Creality Cr-10s Specs | 3d Printer Creality Cr 10s Review


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3d Printer Creality Cr 10s Review


The Creality CR-10S that I got from my sponsor Gearbest is the upgraded version of the CR-10, a printer that I have reviewed before. Same as its predecessor, the 10S ships almost fully assembled. There are minor scratches on the black anodized aluminum surfaces being visible only when having a very close look, nothing that affects the functionality. After unboxing you must mount the frame of the X and Z axis on the base plate with the Y axis. Wiring is also done quickly since all cables are labled and have plugs with protection against reverse polarity. In the build instruction I cloud not find a drawing of where to place the filament sensor, however there is only one way to mount it near the extruder. There is a tiny board on the plug of the filament sensor that has to be removed to get it connected. The filament holder is mounted on top of the box of the electronics. Finaly you can put the rubber decorations on the aluminum bars of the frame – all in all the assembly is done in half an hour. Same as at the CR-10, the movement of the print bed along the aluminum bar of the y axis is guided by six rolls. Once more I have removed the two center rolls since four points are more easy to adjust than six of them and as you can see, the center roll is a bit loose out of the box. One roll of each pair is on an excentric nut so that the distance between axis and aluminum bar can be varied. With the two wrenches that are part of the package you can adjust the contact pressure. There is wear on the plastics rolls while moving along the rough surface of the anodized aluminum, so a bit grease on the rolls as well as on the notch of the aluminum bar keeps them in good condition. All in all those plastics rolls are in operation for a couple of months now on my CR-10 and they still look fine, so this is nothing to worry about. The inside of the electronics box looks very tidy. The power supply is cooled actively by a fan – the output voltage is 12V at up to 30A. Two more fans keep the temperature in the electronics box low. The power MOSFET switching the heated bed is on an extra board – a perfect solution. The mount of the deflection pulley at the Y axis is now made of metal – you can adjust the correct tension on the belt by moving that clamp. The tension on the belt of the X-axis is also adjusted by moving the deflection pulley. The Y axis with the built plate… …as well as the X axis with the print head move smoothly along the axes – the mechanics is really good. One of the upgrades of the 10S is a second stepper motor on the Z axis, so that both ends of the X axis are now driven through spindles. At the predecessor there was only one spindle drive used, resulting in vertical movement of the X axis at the free end during operation. As you can see, that error is now eliminated – only when having a very close look you can see the indicator move for less than one scale. You can transfer print data using gcode files on a micro SD card. Before turning the device on, I have adjusted the print bed to a low position. After turning the power switch on… …the info screen of the printer menu appears and as you can hear, the fans of the 10S are less noisy than those of its predecessor, which was extremely loud. With the dial switch you can command all axes to their home positions. Adjusting the printer starts with bringing both ends of the X axis to the same height – I am using a distance piece printed from PLA having a height of 82mm. After another homing of the printer you can level the build plate. With the printer menu you can automatically drive the print head to the four mounts of the build plate, which simplifies the leveling procedure clearly. The leveling itself is done as usually by lifting the build plate with the knurled nuts, step by step,… …until nothing but a sheet of paper fits tightly between nozzle and print bed in the final run. The printer ships with a small spool of white PLA. Before inserting the filament, the hotend must be preheated to 185°C. As soon as the target temperature is reached, you can insert the filament at the extruder motor… …until a strand of plastics exits the nozzle. Two sheets of adhesive paper are part of the package to keep the objects sticking on the print bed, however I am printing directly on the surface of the glass plate. To get a good adhesion of the PLA on the glass surface I am using a glue stick. The heated bed of the CR 10S is insulated on the bottom side. The maximum temperature is limited by software to 135°C. with the low environmental temperature of only 13°C in my photo studio, I get 60 degrees after 10 minutes,… …and 90°C after 25 minutes which I would call the maximum temperature the bed can reach. You will get 100°C in a room with higher environmental temperature, but no more than that. Time for a first test run – I am using the file “cat.gcode” that is stored on the micro SD card that came with the printer. The CR-10S starts the job as soon as the target temperatures of print bed and hotend are reached. The layer height of the cat is set to 0.2mm. The inner structures are printed with 55mm/s, the outer perimeters with 35mm/s. The CR-10S has “resume after power outage” – here I pulled the plug to test that functionality. As soon as the electric power is up again, the question whether or not you’d like to resume the print appears on the printer screen. When confirming with “yes”, print bed and hotend are heated up to the target temperatures. As soon as those temperatures are reached, the print head goes up a couple of millimeters… …and X as well as Y axis are driven to their end switches. After that, the print is resumed. A plastics knob is visible on the surface if the power outage happens while the print head is on the outer perimeter. Next I will check how the filament sensor works. As soon as the printer runs out of plastics, the x axis is driven to the end switch… …and after that, the Y axis is homed as well. Unfortunately the firmware turns off the heated bed when running out of filament, which might cause your object to get loose. After feeding in new filament, which should be done promptly to avoid the bed from cooling down,… …you can resume the job through the printer menu. I am using bronze colored filament to visualize where the change in filament appeared. The filament sensor is a very useful upgrade of the printer – you don’t have to use a new spool each time you start a larger project. After approximately two hours the print is finished. After cooling down the heated bed, you can remove the cat from the glass plate. The result is really good – all details on the surface, especially the tiny characters are clearly visible. Besides the plastics knob, you can clear identify the layer where the simulated power outage happened by a ridge running round the surface. Well, power outages occur rarely here at the center of Germany – more important is the transition between the two filament spools and that looks perfect. Next I’d like to check what print quality the 10S delivers when creating something more useful than sculptures: Here I am printing the chassis of a new robot that is currently under development. It is also meant to be a printer test which is why I have implemented needed support structures into the design. The edge width of the bridging posts is only 4mm and they look as straight as they should be. The layer height is set to 0.2mm, the print speed of the outer perimeters is 30mm/s,… …that of the infill 60mm/s. With a length of 195mm, a width of 106mm and a height of 75mm it is the largest part of the robot – 120g of filament are needed for the chassis. After approximately 17 hours the job is done. At the overhangs of the front window you can see… …that the air flow isn’t perfect – the fan blows on the edge of the print head. So I have redesigned that part using OpenSCAD – the layer height of the print is set to 0.2mm. Now, the air hits the tip of the extruder nozzle. Next part of my new robot is a mecanum wheel. It’s composed of a rim having 11 tiny rolls. The diameter of the rolls is 20mm with a thickness of only 2mm. The diameter of the rim is 55mm. All rolls look good and the pieces of 1.75mm filament used as axes fit perfectly into the holes running through the rim at an angle of 45 degrees. Last part printed for this review is the rear undercarriage of the rover, needed to mount two servos. The dimensions of this part are 85x58x23mm and same as all other parts it is printed with a layer height of 0.2mm The results look really good. There are no gaps in the surfaces, the characters on the chassis are clearly readable and there are no strings – the mechanum wheels work fine. All parts fit perfectly and that’s what is needed when doing prototyping with a 3D printer. The CR-10S is a sturdy machine with really good printing results – I definitely like the device. All upgrades make sense and result in an even better printer than its predecessor: The second spindle drive on the Z axis eliminates vertical movement of the X axis and there were slight improvements in the print head design. Leveling the bed is simplified by the new firmware and finally the filament sensor will save one or the other of your prints – The 10S is definitely a printer I recommend to buy. You can have a look at the full resolution snapshots of the prints I made with the 10S and get the 3D files on my pages. Thanks for watching and: “I’ll be back!”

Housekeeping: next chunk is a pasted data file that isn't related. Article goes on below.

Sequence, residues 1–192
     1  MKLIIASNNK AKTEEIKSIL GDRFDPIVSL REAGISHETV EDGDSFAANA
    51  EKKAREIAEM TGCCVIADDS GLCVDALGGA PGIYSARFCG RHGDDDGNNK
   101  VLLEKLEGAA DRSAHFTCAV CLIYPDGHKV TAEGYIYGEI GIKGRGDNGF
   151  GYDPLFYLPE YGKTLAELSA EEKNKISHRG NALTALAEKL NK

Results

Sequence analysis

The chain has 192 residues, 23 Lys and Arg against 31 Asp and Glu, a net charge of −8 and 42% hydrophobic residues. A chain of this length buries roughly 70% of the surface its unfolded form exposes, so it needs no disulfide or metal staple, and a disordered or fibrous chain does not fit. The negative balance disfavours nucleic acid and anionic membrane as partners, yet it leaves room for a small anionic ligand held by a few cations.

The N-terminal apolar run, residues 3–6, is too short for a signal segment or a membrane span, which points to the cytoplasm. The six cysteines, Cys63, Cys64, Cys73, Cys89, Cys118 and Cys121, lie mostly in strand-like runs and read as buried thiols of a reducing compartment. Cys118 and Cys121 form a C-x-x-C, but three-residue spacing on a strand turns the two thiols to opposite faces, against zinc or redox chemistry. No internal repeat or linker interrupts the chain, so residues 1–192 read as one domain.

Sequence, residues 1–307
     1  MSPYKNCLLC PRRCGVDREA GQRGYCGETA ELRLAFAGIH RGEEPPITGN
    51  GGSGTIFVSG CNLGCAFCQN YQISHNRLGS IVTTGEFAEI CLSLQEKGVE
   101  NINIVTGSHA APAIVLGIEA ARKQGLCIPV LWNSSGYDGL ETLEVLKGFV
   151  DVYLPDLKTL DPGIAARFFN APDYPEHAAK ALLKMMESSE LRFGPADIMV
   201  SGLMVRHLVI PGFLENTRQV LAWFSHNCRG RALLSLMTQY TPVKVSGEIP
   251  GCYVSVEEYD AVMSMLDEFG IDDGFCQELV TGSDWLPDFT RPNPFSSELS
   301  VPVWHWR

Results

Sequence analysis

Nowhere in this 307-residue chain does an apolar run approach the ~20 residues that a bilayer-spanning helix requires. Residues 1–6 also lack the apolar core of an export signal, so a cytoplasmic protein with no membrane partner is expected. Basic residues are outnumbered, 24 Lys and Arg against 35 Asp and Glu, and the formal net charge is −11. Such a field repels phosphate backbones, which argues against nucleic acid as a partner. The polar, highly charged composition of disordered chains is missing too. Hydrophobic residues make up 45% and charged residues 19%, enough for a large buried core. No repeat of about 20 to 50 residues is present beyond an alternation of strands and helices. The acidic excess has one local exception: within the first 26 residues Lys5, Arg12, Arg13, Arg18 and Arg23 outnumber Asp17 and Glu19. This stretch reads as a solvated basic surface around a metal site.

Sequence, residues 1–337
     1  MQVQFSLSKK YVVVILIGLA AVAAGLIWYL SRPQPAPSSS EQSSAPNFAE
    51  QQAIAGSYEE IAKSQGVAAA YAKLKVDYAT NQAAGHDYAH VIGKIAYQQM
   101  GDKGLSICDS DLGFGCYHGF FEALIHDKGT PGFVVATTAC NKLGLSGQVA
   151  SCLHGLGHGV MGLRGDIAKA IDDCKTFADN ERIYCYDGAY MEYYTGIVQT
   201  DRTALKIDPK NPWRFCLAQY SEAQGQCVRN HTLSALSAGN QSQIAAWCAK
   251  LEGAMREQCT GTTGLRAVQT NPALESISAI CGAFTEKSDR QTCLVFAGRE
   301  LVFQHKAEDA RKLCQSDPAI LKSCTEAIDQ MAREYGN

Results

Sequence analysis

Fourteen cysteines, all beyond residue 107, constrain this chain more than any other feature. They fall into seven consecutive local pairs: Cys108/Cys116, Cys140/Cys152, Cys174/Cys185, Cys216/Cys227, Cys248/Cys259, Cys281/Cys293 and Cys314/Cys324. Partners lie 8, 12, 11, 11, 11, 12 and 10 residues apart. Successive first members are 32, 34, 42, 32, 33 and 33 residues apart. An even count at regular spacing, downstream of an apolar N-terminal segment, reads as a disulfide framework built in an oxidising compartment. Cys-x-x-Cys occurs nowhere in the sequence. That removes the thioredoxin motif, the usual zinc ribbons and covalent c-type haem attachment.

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Transcript: Hey, how's it going, guys? Just, uh, thought I would share with you. A project I've been working on. This is my master chief or your halo mark 6 helmet. And this was 3d printed on my ender threes. Uh, so I've got an Ender, Three and Ender, Three pro. And,...